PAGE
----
Reporting from Cape Town, South Africa—I was warned that meals during my March trip to South Africa would revolve around red meat. But I didn't know it would appear in a shriveled state similar to jerky.
Biltong, as it's called — from the Dutch words bil, or buttocks, and tong, or strip — is as ubiquitous in South Africa as men in World Cup jerseys. Gas station convenience stores sell it, of course. But so does the picnic deli at the Spier winery estate in Stellenbosch. There are biltong boutiques in Cape Town's Victoria & Alfred Waterfront mall. I even ate it paired with a Sauvignon Blanc at Makweti, a luxury safari lodge in the Waterberg Mountains.
South Africans have taken their biltong seriously for hundreds of years, since the Voortrekkers, or pioneers, migrated from the cape regions.
"It's part of our culture," says Vincent Myburgh, owner of Bozveld Butchery in Hoedspruit, near Kruger National Park. "When I was growing up, my grandmother would tell stories of how they hung meat from their ox wagons for biltong."
According to African folklore, migrating tribesmen herding their livestock would drape long strips of impala or kudu under their saddles so the chafing would tenderize the meat and the horse's sweat would flavor it. "South Africans joke that this is the reason for vegetarians," Hattingh says with a chuckle.
The seasoning has evolved with the use of coriander, vinegar, salt and sugar, as my husband, Jeff, and I were glad to discover during a stop at one of the countless biltong roadside stands — this one on the R33 in Modimolle, in Limpopo province. The shop manager asked us to select our favorite from dozens of 4-inch-wide, 2-foot-long bands of beef dangling from a wooden rack in the otherwise stark space. She then chopped it up into chewy, bite-size pieces and sold them to us in a brown paper bag: 38 rand, or about $5, for half a pound.
Her biltong was too gristle-heavy for our taste, but the meat itself more closely resembled tasty steak than the dreaded jerky. "Some people would rather gnaw on fatty biltong than leaner biltong, especially while watching soccer or rugby," says Hattingh. "It's just personal preference."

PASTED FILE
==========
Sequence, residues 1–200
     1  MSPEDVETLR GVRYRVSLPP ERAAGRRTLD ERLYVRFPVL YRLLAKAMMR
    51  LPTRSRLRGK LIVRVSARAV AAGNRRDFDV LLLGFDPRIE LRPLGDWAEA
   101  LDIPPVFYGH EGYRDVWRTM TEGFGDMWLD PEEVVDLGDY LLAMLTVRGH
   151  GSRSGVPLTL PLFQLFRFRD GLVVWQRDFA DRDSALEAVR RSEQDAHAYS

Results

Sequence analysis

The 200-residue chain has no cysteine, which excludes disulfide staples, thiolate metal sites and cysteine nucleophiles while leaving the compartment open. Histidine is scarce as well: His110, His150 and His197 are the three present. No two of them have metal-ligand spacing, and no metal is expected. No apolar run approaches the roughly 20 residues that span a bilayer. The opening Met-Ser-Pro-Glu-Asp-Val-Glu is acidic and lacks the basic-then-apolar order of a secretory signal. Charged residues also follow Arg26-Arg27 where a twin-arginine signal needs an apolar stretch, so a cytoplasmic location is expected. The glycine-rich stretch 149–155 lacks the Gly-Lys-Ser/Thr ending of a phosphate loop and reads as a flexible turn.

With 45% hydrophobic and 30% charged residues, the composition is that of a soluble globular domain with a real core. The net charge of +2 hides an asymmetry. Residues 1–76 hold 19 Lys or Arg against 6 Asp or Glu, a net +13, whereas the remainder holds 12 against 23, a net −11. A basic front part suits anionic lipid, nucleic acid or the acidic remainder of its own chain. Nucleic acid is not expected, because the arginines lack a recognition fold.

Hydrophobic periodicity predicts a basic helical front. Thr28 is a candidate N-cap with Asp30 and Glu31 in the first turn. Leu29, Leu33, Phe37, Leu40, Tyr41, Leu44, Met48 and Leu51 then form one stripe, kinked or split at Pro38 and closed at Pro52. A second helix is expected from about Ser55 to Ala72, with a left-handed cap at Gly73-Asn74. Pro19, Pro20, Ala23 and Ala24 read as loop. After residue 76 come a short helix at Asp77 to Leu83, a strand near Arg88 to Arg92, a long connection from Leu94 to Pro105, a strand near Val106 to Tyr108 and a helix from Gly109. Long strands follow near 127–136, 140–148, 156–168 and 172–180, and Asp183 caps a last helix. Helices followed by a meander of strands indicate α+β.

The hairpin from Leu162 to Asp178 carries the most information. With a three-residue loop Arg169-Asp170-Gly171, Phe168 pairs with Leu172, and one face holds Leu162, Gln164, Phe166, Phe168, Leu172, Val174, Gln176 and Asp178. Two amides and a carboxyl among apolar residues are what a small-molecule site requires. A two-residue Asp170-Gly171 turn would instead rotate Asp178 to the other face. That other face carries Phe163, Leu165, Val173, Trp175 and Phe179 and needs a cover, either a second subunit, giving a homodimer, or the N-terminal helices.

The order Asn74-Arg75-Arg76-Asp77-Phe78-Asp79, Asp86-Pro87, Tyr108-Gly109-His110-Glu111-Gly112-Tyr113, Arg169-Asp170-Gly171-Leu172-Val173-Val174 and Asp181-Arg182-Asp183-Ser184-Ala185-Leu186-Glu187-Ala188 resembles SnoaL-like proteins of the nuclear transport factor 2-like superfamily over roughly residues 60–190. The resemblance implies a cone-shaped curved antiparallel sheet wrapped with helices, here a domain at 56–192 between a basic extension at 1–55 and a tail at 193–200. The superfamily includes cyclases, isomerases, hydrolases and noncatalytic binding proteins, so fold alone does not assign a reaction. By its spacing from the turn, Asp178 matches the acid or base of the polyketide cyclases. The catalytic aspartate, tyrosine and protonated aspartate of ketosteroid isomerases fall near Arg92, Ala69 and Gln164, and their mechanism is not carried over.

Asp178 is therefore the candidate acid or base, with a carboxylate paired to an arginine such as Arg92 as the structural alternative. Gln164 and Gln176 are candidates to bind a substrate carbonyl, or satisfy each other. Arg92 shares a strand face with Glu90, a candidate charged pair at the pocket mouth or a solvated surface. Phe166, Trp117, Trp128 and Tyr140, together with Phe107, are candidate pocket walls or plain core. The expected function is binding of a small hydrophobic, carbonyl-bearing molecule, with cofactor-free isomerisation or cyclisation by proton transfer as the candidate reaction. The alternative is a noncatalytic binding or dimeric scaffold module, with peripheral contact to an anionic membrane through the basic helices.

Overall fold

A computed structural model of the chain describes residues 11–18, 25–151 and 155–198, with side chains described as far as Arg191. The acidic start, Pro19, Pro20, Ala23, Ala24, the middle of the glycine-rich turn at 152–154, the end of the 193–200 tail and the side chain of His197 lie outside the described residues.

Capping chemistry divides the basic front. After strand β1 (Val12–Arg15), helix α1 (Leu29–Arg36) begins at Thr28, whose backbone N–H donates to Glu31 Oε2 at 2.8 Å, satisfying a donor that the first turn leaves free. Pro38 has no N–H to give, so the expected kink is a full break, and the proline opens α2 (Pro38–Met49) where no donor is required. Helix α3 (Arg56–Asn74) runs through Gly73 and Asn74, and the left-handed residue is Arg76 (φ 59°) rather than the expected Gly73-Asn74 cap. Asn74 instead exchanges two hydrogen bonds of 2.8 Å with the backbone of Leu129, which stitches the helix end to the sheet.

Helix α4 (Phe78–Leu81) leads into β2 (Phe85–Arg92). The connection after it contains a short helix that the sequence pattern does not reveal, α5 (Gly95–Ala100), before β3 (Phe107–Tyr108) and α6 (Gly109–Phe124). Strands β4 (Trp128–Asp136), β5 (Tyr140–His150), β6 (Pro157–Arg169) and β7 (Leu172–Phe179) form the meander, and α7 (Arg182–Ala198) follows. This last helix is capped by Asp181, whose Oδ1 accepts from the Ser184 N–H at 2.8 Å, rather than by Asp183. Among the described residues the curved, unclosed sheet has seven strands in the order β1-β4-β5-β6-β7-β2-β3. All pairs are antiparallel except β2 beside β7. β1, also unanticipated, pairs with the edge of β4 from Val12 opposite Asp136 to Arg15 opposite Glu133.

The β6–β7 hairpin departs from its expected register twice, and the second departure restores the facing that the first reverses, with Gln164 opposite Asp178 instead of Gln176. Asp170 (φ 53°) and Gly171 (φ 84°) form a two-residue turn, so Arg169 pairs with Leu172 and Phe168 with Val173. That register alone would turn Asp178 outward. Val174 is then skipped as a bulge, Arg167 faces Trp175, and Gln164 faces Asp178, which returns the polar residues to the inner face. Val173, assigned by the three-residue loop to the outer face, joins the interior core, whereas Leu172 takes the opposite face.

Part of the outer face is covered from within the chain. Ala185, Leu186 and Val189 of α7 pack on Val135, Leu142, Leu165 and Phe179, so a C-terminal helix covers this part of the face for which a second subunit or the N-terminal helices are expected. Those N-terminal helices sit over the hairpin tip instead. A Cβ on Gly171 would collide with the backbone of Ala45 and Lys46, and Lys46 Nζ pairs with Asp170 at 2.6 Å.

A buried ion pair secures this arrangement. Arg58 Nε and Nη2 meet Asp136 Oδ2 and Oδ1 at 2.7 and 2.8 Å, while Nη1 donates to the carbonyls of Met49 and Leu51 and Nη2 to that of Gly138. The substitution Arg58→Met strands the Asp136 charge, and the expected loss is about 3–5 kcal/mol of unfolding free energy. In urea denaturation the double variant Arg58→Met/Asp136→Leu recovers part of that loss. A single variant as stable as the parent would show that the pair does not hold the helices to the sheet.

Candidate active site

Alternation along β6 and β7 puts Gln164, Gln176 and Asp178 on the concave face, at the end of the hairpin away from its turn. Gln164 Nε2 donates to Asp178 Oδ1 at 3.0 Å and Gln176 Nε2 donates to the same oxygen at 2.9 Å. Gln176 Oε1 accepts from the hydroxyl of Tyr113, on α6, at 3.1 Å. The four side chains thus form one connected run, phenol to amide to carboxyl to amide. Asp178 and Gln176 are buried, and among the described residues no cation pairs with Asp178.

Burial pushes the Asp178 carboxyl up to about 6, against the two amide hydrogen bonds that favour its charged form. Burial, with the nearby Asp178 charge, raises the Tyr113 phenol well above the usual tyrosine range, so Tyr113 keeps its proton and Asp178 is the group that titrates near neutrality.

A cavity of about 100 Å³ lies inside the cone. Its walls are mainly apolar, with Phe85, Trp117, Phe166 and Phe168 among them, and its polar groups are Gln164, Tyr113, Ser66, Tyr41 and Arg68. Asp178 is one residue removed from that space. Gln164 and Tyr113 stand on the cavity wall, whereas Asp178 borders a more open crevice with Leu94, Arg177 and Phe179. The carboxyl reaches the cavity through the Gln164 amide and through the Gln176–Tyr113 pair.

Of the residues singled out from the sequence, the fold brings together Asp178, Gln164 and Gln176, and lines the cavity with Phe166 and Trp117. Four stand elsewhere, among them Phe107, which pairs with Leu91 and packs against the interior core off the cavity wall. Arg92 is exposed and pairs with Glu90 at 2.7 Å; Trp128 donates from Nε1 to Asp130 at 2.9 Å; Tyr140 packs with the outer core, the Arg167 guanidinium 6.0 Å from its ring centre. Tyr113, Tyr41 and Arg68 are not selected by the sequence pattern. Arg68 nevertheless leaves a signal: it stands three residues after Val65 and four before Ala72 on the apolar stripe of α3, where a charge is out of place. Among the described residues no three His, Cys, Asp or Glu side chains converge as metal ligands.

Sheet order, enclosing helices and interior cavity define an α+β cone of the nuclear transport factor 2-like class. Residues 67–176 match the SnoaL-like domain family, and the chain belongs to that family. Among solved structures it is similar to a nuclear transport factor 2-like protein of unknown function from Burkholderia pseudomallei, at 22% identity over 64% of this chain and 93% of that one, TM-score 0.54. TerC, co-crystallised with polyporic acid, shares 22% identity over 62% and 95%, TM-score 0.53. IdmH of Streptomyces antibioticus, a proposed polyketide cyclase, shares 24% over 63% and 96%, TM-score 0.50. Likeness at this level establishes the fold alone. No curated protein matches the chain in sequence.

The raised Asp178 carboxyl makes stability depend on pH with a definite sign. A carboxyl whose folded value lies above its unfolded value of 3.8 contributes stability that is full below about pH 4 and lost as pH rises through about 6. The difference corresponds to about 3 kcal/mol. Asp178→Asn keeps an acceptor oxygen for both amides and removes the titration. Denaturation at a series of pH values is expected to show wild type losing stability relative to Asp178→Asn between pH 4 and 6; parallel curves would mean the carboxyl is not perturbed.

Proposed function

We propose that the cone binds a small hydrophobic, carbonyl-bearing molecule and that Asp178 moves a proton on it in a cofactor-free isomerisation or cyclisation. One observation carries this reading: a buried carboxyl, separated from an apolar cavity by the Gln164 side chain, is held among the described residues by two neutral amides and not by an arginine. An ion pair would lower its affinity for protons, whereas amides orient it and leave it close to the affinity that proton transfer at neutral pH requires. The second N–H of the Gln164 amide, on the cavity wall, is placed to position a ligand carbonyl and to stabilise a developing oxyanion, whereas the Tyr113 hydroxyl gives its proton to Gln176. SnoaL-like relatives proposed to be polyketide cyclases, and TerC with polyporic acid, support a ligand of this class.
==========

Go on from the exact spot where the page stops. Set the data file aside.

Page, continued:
That applies to seasoning as well: "Everyone has a recipe, and everyone thinks theirs is the best. I add Worcestershire sauce, and brown sugar keeps it moist," says Steve Edwards, chef-proprietor at Beluga restaurant in Cape Town.
He earns extra creativity points by using cloves, bay leaf, mustard seeds and toasted paprika. "Biltong isn't usually associated with fine cuisine," Edwards says. "But it adds a lovely meaty flavor to sauces, soups and salads." The motivation behind the double-baked biltong and three-cheese soufflé with chive cream sauce on his menu is personal: "Some of my own fondest memories include biltong, biscuits and Brie. So biltong soufflé was an extension of my own food memory bank."
Gordon Ramsay's Maze restaurant at the One & Only resort in Cape Town also serves biltong — as a consommé and in a salad. There's even biltong-infused vodka in the Bloody Mary on his cocktail menu.
Many South African tourists want to share their prized find with friends at home. But the U.S. government is pretty clear when it says, "You may not import fresh, dried or canned meats." How to feed your addiction if Customs confiscates your beloved biltong? Myburgh says whipping up a batch is "simple." Pick up some silverside (Americans call it London broil, but it must be cut against the grain) and let the raw meat sit overnight in the spices. Then scrape off the excess and hang it for two to three days from hooks, in an enclosed space with fans to keep the air circulating.
Too intimidated (or lazy)? Look locally — you might be surprised. "Biltong is everywhere because South Africans are everywhere, and, to us, it's a staple," Hattingh says. In the L.A. area, head to African Hut in Laguna Niguel or European Deluxe Sausage Kitchen in Beverly Hills. Just don't ask for jerky.